David Ajikobi of Africa Check acknowledged the implication of the massive spread of dis and misinformation both online and offline, among other factors, limit the extent to which the fact-checking organisations can go because “it is not everything that you can fact check. You will only select those ones that….If I don’t fact check it, what is the impact going to be on the public? (Researcher’s Interview: August 2020).
The baseline study conducted by the Premium Times Centre for Investigative Journalism (PTCIJ) on the media ecosystem in Nigeria found out that “there is a declining trust in media organisations in Nigeria. We also noticed that the quality of national discourse was also being watered down, a lot of conversation….are not for the benefits of society.” This challenge was what influenced the establishment of Dubawa partly to serve as a project that will build the capacity of journalists across Nigeria, so that people’s trust in the media will be restored. This form one of the project objective of Dubawa, equipping newsrooms with the skills and environment to make fact-checking and truth a norm in media houses through training and fellowships, so that eroding trust in media will be restored (Researcher’s Interview: August, 2020 with reference to https://dubawa.org/about-us/).
Digital Divide and Technological Infrastructure
The challenges associated with information flow and exponential spread of dis and misinformation is also directly linked to issues of digital divides and technological infrastructure in Nigeria. The age-long phenomenon in the imbalance of information flow between developed and developing countries continued to pose threat to combating information disorder in the country. The problems of ownership of technology, adoption, domestication, proficiency of use and inadequate technological infrastructure in many African countries including Nigeria are some of the challenges to fact-checking organisations in the Continent. For these reasons, many of the fact-checking and digital tools used by fact checkers in Nigeria are third party tools. The fact-checking organisations in Nigeria are at the early stage of developing their own digital tools to aid their fact-checking operations.
Though Africa Check is investing in technology to address this challenge by developing the capacity of citizens, journalists, and other professionals in the area of digital literacy as well as developing digital tools to make its fact-checking efforts seamless, this still falls short of the magnitude of the information disorder it is confronting. KII 2 put it this way:
“In terms of the skill set, fact checking is still very much relatively still new. And in terms of technology and research, fact-checking is still a much of a global south thing…Then, the second one is that you will also see that there is a deficit of pieces of tools for people like us on this side…. An organisation for example in America can sit down to develop big tools…” (Researcher’s Interview: August, 2020).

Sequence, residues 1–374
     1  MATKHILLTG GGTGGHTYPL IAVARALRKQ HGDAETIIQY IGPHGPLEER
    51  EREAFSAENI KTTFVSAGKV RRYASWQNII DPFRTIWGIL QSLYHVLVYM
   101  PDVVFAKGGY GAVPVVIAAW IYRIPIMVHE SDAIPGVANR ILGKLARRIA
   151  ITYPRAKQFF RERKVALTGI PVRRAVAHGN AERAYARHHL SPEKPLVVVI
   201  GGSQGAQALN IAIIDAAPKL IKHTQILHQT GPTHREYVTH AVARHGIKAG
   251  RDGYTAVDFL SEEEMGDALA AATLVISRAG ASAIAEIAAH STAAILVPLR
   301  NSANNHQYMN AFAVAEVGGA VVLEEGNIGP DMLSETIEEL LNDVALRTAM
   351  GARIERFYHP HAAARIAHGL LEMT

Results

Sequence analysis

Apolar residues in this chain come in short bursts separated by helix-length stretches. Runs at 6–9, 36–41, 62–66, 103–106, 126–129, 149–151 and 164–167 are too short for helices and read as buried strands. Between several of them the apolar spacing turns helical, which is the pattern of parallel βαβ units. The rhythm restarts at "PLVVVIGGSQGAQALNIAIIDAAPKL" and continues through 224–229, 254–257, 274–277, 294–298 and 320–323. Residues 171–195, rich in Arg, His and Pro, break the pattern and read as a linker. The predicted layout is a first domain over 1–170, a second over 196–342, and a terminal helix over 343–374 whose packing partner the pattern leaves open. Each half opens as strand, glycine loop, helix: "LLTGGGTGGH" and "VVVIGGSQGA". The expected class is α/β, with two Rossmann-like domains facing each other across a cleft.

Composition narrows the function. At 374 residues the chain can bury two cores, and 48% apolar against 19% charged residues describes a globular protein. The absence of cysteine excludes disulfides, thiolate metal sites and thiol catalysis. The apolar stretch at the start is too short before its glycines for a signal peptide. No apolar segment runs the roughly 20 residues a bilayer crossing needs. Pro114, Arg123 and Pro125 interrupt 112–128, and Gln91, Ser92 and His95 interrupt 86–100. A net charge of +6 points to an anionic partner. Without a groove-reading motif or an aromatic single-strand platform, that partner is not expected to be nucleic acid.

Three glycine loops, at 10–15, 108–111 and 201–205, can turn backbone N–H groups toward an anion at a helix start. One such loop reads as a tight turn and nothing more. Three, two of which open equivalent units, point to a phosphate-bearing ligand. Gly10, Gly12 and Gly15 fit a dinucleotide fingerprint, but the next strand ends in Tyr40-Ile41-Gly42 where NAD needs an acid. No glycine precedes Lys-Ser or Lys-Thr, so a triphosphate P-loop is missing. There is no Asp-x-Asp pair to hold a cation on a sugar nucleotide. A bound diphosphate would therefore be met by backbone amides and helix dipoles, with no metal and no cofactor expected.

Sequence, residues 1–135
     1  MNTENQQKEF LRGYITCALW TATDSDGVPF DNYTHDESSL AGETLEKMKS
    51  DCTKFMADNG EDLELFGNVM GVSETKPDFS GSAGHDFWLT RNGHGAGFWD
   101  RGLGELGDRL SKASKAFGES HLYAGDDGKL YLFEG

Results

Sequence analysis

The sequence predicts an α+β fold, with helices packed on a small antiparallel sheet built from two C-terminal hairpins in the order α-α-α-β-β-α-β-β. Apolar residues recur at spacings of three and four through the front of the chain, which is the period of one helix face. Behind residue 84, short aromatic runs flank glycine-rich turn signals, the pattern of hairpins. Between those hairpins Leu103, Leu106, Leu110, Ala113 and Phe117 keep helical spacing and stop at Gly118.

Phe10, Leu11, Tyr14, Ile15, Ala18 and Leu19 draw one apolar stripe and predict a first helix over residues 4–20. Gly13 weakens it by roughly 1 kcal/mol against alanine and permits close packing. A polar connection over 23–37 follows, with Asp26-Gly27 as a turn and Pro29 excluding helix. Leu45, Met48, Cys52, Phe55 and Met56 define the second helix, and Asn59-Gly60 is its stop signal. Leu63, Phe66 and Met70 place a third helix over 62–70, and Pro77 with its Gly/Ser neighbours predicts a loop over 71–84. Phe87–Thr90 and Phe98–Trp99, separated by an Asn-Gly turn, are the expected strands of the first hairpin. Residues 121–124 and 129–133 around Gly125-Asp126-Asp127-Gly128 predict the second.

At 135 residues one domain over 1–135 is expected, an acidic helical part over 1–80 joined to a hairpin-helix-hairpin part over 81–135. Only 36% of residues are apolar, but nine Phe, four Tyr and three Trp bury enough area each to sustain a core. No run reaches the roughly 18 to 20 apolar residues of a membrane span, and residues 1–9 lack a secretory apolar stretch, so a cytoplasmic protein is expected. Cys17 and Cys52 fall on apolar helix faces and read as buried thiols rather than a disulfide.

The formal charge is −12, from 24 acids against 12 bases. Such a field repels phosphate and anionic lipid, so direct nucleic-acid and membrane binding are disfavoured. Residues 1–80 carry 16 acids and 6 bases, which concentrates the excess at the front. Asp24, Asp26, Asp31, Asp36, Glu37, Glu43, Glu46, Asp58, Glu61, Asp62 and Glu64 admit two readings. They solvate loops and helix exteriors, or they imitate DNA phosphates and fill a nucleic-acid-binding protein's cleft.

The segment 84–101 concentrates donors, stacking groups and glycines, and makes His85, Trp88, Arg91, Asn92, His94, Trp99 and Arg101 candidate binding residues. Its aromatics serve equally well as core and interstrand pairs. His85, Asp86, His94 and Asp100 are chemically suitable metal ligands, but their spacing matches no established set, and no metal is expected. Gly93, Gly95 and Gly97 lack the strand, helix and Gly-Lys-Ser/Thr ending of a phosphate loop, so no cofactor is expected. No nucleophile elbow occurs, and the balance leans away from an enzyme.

KII 3 also state the position of Dubawa fact-checking organisation as regards technological architecture:
“For now, we haven’t really built our technological presence, so we use tools that have been created by others and we have access to this based on our affiliation…capacity network”. It is part of Dubawa objectives to build technological tools to combat information disorder (Researcher’s Interview: August, 2020 with reference to https://dubawa.org/about-us/).
Lack of Awareness and Research on Fact-Checking
It was the consensus of the fact-checking organisations in Nigeria that there is a research gap when it comes to information disorder in the country. However, the fact-checking organisations who are pioneers in Nigeria are partnering with stakeholders to support and fund researchers to interrogate the information disorder phenomenon. They also submit that the level of awareness about fact-checking and verification efforts is not proportionate with the spread of dis and misinformation.
KII 3 is enthusiastic and interested in promoting local research that could unravel the “barrier towards why people do not care about misinformation. Or why we are not still reaching the population that we want to reach? Why does misinformation travel faster than true information?” Other questions considered essential to be relevant are: How do fact-checking organisations get people to know about their work? How do they enhance their distribution channel for people to know about their work? How do they promote their fact checks? The answers to these questions are expected to further understand the information disorder ecosystem. This is the more reason why Dubawa stated that one of its objectives is to conduct research to combat information disorder and build a body of knowledge around misinformation in Nigeria (Researcher’s Interview: August, 2020 with reference to https://dubawa.org/about-us/).